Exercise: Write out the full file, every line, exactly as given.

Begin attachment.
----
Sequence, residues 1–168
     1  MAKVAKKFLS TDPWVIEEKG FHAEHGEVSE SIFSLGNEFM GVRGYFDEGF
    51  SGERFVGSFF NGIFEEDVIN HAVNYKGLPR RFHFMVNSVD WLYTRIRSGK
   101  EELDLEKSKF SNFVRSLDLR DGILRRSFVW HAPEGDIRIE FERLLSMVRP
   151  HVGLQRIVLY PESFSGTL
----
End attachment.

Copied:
Sequence, residues 1–168
     1  MAKVAKKFLS TDPWVIEEKG FHAEHGEVSE SIFSLGNEFM GVRGYFDEGF
    51  SGERFVGSFF NGIFEEDVIN HAVNYKGLPR RFHFMVNSVD WLYTRIRSGK
   101  EELDLEKSKF SNFVRSLDLR DGILRRSFVW HAPEGDIRIE FERLLSMVRP
   151  HVGLQRIVLY PESFSGTL